In Memory of Aaron Everingham

Nick Cave & the Bad Seed’s Let Love In is pulsing through my headphones while I am swirling some rye whiskey around in a wine glass, sipping periodically. I needed to get to a place tonight where I could write freely about the slow burn that has coursed through my heart and mind all week since I learned about the death of Aaron Everingham. Nick Cave, because he may have been Aaron’s favorite artist of all time, the whiskey because I don’t want to overthink this, I don’t want to allow my mind to do any type of emotional revisionism. Most of all, I needed to get in touch with my friend.

Somehow.

It’s strange to think that in the day and age of the quickly tiring critique that technology is the harbinger of death for real, meaningful relationships, I mourn the death of a guy that I never shook hands with or hugged. I heard his voice on the phone, once, for a couple of hours the first time we intentionally interacted with each other at the behest of Ruben Cardenas. The rest of the time was mediated through text, Facebook, Twitter and reading each other’s written work which probably told us more about each other than that which we spoke or typed to each other. It’s a special telepathy that fellow writers know all too well.

A couple of Saturdays ago, I was thinking about Aaron and decided to send him a text: a GIF of Nick Cave being goofy and a simple “how ya doing bro?” A few minutes later, I came to realize that there are some boundaries that data from phones cannot transcend, the chasm stretched out between the living and the dead. Instead it found its way to Aaron’s brother, Ryan, who shortly thereafter texted me that his brother had passed away that previous Tuesday. I sat there in my local coffee shop, stunned. My skin had gone cold and the bottom had dropped out of my stomach. I stared at this news for several minutes trying to snap myself out of what had to have been a nightmare. But there it was. Maybe the critics had been right after all, technology had become the harbinger of the death of relationships.

Aaron was one of those writers that had a penchant for phrasing and word choice that enveloped the reader in images that both frustrated and clarified the constructions that we clung to with such stubborn pride. A mystic, although not a mystic detached from a grounding, but a mystic aiming to unearth the mystery of faith and life that had been buried since the Enlightenment—the foundation on which much of Western Christianity utilizes as its cornerstone. Aaron wanted to see that crumble. He wanted to see it crumble, not to replace it with another faulty cornerstone, but to find Christ in all of the rubble and ashes of human endeavors.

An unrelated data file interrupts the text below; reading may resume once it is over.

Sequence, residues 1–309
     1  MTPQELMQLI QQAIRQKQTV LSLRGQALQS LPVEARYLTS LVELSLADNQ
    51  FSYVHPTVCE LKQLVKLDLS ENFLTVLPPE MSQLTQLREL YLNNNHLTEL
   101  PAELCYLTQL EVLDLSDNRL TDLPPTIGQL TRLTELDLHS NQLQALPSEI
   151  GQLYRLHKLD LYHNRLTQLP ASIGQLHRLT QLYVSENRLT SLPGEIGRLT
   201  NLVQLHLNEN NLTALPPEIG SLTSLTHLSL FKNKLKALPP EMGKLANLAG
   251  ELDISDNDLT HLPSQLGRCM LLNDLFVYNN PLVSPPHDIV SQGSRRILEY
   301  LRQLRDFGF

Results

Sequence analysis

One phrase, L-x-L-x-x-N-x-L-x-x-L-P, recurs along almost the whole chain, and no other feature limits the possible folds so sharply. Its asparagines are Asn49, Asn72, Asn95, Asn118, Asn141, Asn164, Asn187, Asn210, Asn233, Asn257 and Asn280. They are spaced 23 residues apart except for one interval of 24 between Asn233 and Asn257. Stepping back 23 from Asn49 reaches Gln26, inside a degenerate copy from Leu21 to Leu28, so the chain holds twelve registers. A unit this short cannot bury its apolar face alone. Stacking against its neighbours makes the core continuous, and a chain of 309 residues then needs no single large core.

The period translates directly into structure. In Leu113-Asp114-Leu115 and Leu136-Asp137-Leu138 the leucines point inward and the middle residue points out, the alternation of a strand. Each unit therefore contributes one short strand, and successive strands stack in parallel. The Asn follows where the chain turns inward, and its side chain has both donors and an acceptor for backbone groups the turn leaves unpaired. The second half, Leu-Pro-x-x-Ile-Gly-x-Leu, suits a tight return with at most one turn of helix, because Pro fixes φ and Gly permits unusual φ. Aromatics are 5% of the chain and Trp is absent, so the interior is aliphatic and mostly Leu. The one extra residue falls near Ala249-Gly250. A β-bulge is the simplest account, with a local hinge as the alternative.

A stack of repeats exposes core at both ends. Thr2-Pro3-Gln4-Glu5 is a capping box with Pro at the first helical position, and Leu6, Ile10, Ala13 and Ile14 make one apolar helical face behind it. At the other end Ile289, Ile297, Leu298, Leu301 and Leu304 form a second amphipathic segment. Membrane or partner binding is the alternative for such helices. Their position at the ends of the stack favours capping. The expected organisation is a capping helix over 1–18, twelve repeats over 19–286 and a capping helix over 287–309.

When everything is open to inspection, it will take a toll on a person. Aaron, I know, felt that weight, that burden. He may have found himself on the other side of orthodoxy at times. Let me rephrase that. He was willing to publicly illuminate his doubts and questions unlike many of us who often attempt to keep a orthodox façade while the uncertainly surges underneath. His transparency was refreshing and an unspoken sigh of relief for me, personally. Sure, I didn’t have the same doubts that he had, but because I knew Christ bolstered Aaron even in his doubts, I knew I would be too. There was a comfort between us that I think we both recognized. I just wish I could sense that comfort again.

In the background, though, is irrational guilt. My last interaction with him was similar to the one where I found out the bad news, except he responded, said he was doing alright, still in the midst of a rough patch, but making it through. I had been in the midst of something at that moment and I didn’t respond. I never responded. Until this last weekend. By then it was too late. Now, I already know Aaron’s response to this sense of guilt. In his jovial way, he would say something to me that basically told me it was fine and to get over myself. He had no time for such frivolous feelings especially when they distracted instead of drove us towards understanding this life we lived in. He saw spades for spades.

I never know where to take memorials of people I’ve lost in my life. I remember in one of Aaron’s pieces, he basically said something akin to a prayer that all of his tentative thoughts, doubts and words would fall together into a meaning and a focal point. I, too, pray that these random thoughts and emotions written in ink bled out on the page will give an insight into someone, even though I had never physically met, I would call my dear friend. I know Aaron’s weights and burdens are stripped away now and that Christ has him, as He always had. I look forward to meeting him some day in the new heavens and new earth. But, until that moment, I’ll keep waiting for texts, messages and pieces that will never come and I will praise the art of Nick Cave and the Bad Seeds in his place, because, really, that was one of the most important things to him on this earth. Aaron, keep listening across the chasm and I’ll play the new Nick Cave for you loud and I’ll be thinking about you as it spins.

Miss you already.